Career stories

Maarit Käpylä, ReSoLVE Centre of Excellence, DYNAMO team (Aalto University)


"If engineering is your true vocation, working as a woman in a male-dominated field is the least of your worries, in fact not a worry at all!"

Maarit Käpylä

"If engineering is your true calling, working as a woman in a male-dominated field is the least of your worries, in fact not a worry at all."

Maarit Käpylä has a major in astronomy and minors in computer science and mathematics. "I ended up as a kind of astronomer mutant because I had the opportunity to do astronomical applications with the tools I know best. So theory and coding". Choosing a field of study that met all her personal interests was easy for Maarit.

Her interests continued to guide her career choice. Just before graduating, Maarit considered giving up astronomy, as she was tired of her thesis subject and was attracted by the world of work outside the university. In the end, however, an international lecturer at the Lapland Winter School sparked great enthusiasm in Maarit, and she found her thesis topic during a series of lectures over a few days. "After graduation, I immediately applied for postgraduate studies, stopped everything else but science, and that's the path I'm on", Maarit says.

Maarit's day starts at the crack of dawn: "Kids to school, myself to work - two hours of efficient working time before the rest of the group gets to work". Independent tasks include reading and writing scientific articles, running simulations on supercomputers and analysing the results of the work done.

The group discusses how others are progressing with their tasks and what to do next. As the leader of her group, Maarit is also responsible for the day-to-day running of her team with the administration, which sometimes makes her grit her teeth and pull at her hair. "Not necessarily always because the administrators drive me crazy with their rules and requests, but also because I really have to force myself to do these important things that I am really not motivated to do", Maarit describes.

In the afternoon there is time for family and in the evening, after the children have gone to bed, work continues for a while. "I have collaborators both in the Far East and the West, and they don't sleep at night like I do". In practice, Maarit spends 8 to 10 hours a day at the computer and to avoid numbness, she cycles or runs on her commute. But despite the pressure, working on an interesting subject is rewarding: the best part is that you get to do work that you are highly motivated and skilled at. In her own career, Maarit is particularly pleased that she has never been stuck doing the same old thing. "I was a shy, quiet and introverted young girl who took far too long to have the courage to be herself - I wish I could have done it earlier". In the future, Maarit aims to add value to her research fields through frontier-breaking research, solving problems that seem impossible with traditional approaches.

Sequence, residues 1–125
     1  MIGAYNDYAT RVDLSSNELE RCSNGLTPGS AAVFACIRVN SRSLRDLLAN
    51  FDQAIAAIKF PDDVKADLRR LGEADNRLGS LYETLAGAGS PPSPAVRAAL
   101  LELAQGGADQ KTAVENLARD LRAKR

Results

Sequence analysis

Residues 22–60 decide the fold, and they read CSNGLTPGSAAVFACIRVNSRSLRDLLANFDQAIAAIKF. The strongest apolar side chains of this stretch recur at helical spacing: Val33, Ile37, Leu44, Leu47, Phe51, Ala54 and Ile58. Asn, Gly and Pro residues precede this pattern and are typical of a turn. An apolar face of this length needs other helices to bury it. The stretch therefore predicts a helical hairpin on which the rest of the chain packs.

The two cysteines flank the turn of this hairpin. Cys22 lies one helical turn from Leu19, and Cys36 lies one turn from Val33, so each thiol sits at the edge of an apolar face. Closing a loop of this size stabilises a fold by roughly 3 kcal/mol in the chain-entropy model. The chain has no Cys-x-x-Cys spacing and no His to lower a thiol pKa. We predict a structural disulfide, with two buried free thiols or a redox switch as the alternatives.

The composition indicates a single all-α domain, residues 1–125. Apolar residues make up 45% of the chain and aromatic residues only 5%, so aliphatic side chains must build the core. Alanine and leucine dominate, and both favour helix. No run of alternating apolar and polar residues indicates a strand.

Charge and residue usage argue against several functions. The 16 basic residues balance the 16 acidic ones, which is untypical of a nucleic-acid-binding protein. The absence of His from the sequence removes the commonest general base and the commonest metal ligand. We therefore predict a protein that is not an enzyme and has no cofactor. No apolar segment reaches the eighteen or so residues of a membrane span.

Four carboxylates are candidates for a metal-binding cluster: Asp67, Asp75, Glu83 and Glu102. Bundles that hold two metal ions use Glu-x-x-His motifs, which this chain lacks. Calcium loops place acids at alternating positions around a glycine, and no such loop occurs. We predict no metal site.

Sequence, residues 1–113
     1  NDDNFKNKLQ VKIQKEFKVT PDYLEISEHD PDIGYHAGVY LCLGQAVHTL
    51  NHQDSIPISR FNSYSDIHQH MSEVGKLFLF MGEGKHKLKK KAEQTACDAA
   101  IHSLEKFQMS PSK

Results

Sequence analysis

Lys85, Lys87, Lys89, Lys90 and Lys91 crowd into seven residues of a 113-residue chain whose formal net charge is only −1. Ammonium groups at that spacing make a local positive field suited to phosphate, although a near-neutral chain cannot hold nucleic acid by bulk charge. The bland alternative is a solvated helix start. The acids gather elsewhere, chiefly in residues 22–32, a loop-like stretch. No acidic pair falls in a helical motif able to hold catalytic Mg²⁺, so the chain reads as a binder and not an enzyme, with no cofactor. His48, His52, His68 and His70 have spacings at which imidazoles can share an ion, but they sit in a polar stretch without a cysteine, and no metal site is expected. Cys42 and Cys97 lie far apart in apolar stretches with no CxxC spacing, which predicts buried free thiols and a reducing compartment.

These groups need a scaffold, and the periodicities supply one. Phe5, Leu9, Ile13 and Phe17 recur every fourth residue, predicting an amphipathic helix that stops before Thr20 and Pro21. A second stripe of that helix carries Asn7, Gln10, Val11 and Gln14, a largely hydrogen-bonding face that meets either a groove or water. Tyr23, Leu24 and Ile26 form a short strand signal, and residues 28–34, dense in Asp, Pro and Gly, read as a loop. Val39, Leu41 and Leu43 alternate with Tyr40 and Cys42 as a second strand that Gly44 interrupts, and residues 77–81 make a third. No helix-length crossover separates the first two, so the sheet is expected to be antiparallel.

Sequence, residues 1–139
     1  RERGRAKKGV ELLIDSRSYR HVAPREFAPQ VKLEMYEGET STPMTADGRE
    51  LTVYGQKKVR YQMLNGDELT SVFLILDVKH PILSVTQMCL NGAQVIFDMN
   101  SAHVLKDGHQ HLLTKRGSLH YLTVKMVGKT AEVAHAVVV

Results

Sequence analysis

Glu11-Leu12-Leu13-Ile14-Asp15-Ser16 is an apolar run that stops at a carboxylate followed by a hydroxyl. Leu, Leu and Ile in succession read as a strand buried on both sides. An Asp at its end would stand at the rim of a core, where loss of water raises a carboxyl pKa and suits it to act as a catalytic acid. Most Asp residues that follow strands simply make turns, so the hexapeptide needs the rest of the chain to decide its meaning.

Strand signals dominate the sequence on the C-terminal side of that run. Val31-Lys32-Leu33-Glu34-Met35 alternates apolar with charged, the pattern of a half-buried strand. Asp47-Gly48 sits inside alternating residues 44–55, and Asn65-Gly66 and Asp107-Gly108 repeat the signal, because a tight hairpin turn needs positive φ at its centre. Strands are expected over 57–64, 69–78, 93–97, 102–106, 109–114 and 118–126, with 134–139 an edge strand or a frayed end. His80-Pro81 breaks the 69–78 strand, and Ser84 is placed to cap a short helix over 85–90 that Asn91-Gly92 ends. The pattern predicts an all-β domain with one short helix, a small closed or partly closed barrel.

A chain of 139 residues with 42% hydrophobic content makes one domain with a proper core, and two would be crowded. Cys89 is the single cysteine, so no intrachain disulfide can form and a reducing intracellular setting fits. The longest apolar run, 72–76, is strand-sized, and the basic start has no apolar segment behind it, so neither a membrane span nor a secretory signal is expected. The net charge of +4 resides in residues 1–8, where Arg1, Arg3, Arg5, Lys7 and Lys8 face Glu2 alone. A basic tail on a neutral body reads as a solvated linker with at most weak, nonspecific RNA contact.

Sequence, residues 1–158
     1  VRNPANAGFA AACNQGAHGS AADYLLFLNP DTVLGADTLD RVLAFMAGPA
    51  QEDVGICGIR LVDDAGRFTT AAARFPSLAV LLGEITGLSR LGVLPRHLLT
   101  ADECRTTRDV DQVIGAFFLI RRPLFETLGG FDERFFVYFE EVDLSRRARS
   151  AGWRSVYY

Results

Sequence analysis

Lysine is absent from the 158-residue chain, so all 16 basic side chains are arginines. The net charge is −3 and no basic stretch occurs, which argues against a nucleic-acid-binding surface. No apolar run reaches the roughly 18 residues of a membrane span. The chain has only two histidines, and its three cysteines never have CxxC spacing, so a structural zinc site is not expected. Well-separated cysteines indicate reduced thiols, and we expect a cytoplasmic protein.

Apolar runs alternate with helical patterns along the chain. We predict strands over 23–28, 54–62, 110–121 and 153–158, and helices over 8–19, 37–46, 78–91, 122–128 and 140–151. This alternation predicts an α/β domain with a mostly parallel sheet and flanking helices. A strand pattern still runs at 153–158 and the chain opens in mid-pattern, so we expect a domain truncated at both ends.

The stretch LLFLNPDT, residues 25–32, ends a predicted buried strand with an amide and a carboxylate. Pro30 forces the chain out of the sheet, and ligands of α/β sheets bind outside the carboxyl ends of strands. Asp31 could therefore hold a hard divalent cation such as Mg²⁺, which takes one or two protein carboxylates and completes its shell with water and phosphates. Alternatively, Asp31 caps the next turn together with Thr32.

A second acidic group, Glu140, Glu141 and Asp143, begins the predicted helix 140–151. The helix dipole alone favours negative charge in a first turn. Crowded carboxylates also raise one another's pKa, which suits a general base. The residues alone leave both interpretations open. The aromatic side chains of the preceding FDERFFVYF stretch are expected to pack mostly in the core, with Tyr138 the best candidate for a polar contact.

For whom is this a suitable career option?

Maarit has a clear vision: "If you feel you can't even boil water, but you find differential equations understandable, even beautiful, you're just a hopeless nerd like us, regardless of age or gender. However, normality and practical skills are not a disadvantage, in fact they are desirable". She stresses how the best starting point is choosing a field based on genuine interest. "If engineering is your true vocation, working as a woman in a male-dominated field is the least of your worries, in fact not a worry at all". In some cases, a dream career may require self-development and overcoming your own limits, but Maarit sees this as a good thing. These talents are very necessary in life anyway!


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